To RSVP or to request additional details concerning the Grantsmanship Information Session, contact the Sponsored Programs Office at 765-285-1600 or spo@bsu.edu.

April 04, 2012

From NIH RockTalk: Does It Matter Where Your Grant Application Is Reviewed?

There are a lot of urban myths out there about NIH grant review. Here is a common one—your chance of getting funded is lower if your application goes to the Center for Scientific Review (CSR) for review rather than to another NIH institute or center (IC). Well, I have the data and took a look.

The first thing to point out is the split between CSR reviews and the other IC reviews is roughly 80/20. In fiscal year 2010, ICs managed the reviews about 17% of all applications. The major difference between CSR and IC reviews are the types of applications they review. While the separation is not absolute, CSR manages the review of most R01, fellowship, and small business applications. ICs manage the review of most program project, training grant, and career development award applications. ICs do review some R01 applications—typically the ones with IC-specific features, as well as specific requests for applications (RFAs). Tip: check the funding opportunity announcement to find out where your application will be reviewed. It is usually stated there. You can also learn where funded grants were reviewed by looking them up in NIH RePORTER, which lists the study section that reviewed them.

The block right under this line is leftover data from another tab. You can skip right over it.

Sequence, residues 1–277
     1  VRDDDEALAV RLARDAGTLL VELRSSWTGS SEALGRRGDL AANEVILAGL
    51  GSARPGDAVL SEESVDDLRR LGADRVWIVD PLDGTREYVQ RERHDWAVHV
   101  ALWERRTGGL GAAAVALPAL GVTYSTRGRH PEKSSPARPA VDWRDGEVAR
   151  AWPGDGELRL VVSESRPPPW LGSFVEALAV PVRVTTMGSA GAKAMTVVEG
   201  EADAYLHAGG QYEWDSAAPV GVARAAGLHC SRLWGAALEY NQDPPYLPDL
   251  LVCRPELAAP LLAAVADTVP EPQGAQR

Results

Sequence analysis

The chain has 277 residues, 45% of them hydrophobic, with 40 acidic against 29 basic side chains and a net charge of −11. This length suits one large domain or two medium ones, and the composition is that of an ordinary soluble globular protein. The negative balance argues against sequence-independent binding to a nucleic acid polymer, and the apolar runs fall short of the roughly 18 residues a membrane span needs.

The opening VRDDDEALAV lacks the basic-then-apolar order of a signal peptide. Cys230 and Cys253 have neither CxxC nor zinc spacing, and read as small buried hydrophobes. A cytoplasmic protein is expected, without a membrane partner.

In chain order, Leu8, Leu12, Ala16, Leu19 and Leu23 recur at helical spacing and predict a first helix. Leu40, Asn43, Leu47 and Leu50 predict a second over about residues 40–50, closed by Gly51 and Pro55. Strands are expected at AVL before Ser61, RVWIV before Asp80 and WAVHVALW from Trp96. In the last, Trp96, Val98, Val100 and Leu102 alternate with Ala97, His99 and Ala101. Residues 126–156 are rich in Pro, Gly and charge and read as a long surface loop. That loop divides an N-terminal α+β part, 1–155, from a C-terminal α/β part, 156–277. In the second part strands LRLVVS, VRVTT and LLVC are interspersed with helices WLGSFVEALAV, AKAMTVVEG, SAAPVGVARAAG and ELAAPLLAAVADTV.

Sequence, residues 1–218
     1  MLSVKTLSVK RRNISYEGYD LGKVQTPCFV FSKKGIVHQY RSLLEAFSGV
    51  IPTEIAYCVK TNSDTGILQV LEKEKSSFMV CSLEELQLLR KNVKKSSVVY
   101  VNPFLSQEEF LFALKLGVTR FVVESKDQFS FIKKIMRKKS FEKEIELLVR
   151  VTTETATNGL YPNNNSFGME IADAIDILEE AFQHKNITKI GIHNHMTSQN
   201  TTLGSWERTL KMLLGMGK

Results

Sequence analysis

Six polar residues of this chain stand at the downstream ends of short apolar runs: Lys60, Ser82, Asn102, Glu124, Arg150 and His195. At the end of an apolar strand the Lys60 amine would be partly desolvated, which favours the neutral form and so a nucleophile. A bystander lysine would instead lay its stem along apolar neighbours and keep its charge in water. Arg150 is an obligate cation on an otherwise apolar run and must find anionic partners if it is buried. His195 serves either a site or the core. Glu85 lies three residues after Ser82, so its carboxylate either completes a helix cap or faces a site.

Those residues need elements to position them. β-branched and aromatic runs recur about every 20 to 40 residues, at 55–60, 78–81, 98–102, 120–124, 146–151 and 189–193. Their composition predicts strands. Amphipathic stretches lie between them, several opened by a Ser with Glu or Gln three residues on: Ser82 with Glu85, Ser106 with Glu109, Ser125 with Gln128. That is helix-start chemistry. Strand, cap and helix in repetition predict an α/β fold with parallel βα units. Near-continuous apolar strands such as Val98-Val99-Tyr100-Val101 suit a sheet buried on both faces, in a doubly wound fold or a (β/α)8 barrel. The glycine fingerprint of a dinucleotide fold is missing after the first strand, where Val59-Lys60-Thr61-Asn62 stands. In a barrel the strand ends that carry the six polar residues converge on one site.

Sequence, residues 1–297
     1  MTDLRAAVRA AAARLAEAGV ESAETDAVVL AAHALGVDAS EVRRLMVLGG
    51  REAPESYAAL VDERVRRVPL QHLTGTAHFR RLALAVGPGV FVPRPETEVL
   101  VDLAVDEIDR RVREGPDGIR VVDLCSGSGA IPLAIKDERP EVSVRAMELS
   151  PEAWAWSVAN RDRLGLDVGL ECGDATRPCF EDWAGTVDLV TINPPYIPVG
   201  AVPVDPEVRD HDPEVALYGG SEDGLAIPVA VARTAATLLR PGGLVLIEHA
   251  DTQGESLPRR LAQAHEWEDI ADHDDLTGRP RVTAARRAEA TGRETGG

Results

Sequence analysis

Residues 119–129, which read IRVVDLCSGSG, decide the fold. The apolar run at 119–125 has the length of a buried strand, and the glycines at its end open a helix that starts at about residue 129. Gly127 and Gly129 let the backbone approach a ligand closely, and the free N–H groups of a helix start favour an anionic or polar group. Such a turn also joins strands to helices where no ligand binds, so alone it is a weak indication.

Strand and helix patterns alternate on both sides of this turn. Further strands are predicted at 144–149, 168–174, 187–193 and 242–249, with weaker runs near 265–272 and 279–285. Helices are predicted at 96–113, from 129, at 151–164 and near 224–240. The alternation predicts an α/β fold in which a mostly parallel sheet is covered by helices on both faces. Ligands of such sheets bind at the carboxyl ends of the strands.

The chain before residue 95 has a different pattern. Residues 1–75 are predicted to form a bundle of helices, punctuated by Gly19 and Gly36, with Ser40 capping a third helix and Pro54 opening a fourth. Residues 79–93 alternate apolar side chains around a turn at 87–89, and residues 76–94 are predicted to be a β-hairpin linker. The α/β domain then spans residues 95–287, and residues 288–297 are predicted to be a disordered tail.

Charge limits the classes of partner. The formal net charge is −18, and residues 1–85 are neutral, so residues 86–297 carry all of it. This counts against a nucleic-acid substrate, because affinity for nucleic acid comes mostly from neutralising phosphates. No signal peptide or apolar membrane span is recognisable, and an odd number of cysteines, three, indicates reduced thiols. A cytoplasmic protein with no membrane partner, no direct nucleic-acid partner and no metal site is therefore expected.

So, back to the question, “Does your application have a different chance of success if it is reviewed in CSR or in an IC?” Given the very different mix of applications reviewed, it is perhaps not surprising that the answer is yes, on average. In fiscal year 2010, 17% of all the applications that went to CSR for review were awarded compared to 25% in the ICs.

But that is really comparing apples to oranges. It doesn’t tell you the whole story. A closer look shows that there is essentially no difference in your likelihood of getting funded when you compare the same types of applications. Take R01 applications, in fiscal year 2010, 18% of R01 applications reviewed in the ICs and 19% of applications reviewed in CSR were awarded.

Another example, applications submitted in response to RFAs in that year were funded at almost identical rates whether reviewed in CSR (24%) or in the ICs (22%).